Game of Thrones Season 8 Episode 3, ‘The Long Night’
“Game of Thrones” has several outstanding battles under its belt, and the director Miguel Sapochnik delivered some of the best, with “Hardhome” and “Battle of the Bastards.” But even with that impressive track record, I was a little afraid that Sunday night’s enormous (and enormously hyped) Battle of Winterfell might finally be the clash that was too epic for its own good, in terms of stakes (life vs. death), personnel (everyone we like) and length (the episode clocked in at 1:22).
Would we finally, in the grandest episode the show has ever attempted, get a fight that was just too large to render in a way that would both do justice to the conflict and also land with sufficient emotional impact?
Sunday’s final clash was a masterpiece of tension and release, goose bumps and heartbreak, grandiosity and intimacy. It deftly mixed genres (horror, action, melodrama), shots and planes of action as it shifted from the chaos of the fighting in and around Winterfell, to the claustrophobic terror of the crypts, to the dragon dogfighting in the winter sky.
Since C.G.I. became Hollywood’s default mode for depicting combat, onscreen battles have become progressively bigger, longer, more elaborate and, consequently, ever more fatiguing. Think of the hectic, numbing, city-destroying sequences that end every superhero movie.
“Game of Thrones” has mostly avoided this convention by making its battles collections of memorable, revealing moments rather than epic clashes that overwhelm with chaotic slashing, crashing and spurting. There is plenty of that, of course, but what you remember is Ygritte dying in Jon’s arms in the Battle of Castle Black, the Night King raising the dead at Hardhome, Bronn’s incredible sprint for the Scorpion during the Loot Train Attack (still a super dumb name).
Similarly, when I look back on the Battle of Winterfell, I’ll think of the stirring scene when the Dothraki swords ignited in a wave of fire, only to extinguish one by one in the distance. I’ll remember Theon getting absolution, and Lyanna sacrificing herself to kill a zombie giant in a deeply symbolic if very sad moment, the smallest warrior felling the largest foe. (Wun-Wun, is that you?) Arya’s climactic dispatching of the Night King — saving Bran with the same dagger once intended to kill him — was genuinely surprising and thrillingly rendered.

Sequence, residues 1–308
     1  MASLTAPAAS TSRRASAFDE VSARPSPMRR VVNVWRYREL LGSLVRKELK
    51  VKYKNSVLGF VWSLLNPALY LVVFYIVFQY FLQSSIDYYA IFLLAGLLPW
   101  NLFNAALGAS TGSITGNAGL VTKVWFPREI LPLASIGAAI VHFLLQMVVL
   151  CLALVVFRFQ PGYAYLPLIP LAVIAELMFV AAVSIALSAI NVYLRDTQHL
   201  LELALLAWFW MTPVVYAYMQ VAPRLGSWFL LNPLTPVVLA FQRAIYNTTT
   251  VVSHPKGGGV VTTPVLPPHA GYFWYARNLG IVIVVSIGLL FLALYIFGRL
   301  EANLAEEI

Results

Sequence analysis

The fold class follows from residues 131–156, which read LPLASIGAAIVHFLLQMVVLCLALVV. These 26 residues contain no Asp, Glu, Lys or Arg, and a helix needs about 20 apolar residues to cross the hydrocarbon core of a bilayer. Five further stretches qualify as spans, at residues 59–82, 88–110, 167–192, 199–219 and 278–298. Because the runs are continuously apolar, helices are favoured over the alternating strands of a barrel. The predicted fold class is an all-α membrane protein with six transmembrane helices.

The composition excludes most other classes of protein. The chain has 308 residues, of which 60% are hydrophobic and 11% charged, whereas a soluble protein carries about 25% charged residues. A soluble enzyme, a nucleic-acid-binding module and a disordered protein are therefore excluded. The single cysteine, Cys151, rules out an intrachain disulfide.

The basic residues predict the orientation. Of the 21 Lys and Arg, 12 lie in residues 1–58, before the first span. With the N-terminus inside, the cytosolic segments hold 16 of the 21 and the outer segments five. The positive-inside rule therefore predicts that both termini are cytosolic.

The death toll included demises predictable (Theon, Jorah) and less so (Melisandre!), but each was deeply felt and in service of individual purposes, one of the episode’s big themes. Jorah died the way he would have wanted, protecting his beloved Khaleesi. Beric saved Arya so she could save everyone else. And Edd bought it by becoming the first of several people to rescue Sam, who spent most of the episode on his back, screaming.
It wasn’t flawless. I thought Rhaegal might have died, too, until he showed up in the trailer for next week’s episode. Over all, the dragon scenes were pretty hard to track, especially the air war. Thanks to the fact that the action was very dark, per usual, and the dragons hard to tell apart — some contrasting saddles would have been nice — I frequently couldn’t tell who was who and what exactly was going on.
There was also a surprising abundance of heroes still standing at the end. I figured folks like Brienne, Podrick, Grey Worm, Tormund and maybe even Gilly, or some other notable person in the crypt, would have gone down this week. Considering the scale and relentlessness of the swarm — especially after the Night King did his signature reanimation move — they probably should have.
(A certain amount of suspended disbelief is called for in epic battle scenes, but is the show just saving them for the next war? Or is its “no one is safe” edge truly gone for good?)
But over all, despite the scale of the clash and the endless hype we’ve been hearing about the 55 nights of shoots that went into filming it, et cetera, the Battle of Winterfell actually exceeded expectations.
It began with a lengthy tracking shot through the castle’s courtyard, following Sam and then Lyanna and finally Tyrion as people like Bran and Theon passed through, reinforcing the human connections before it all went off. It was a sign that the episode was going to 1.) embrace creative shotmaking, and 2.) be about people, not opposing sides.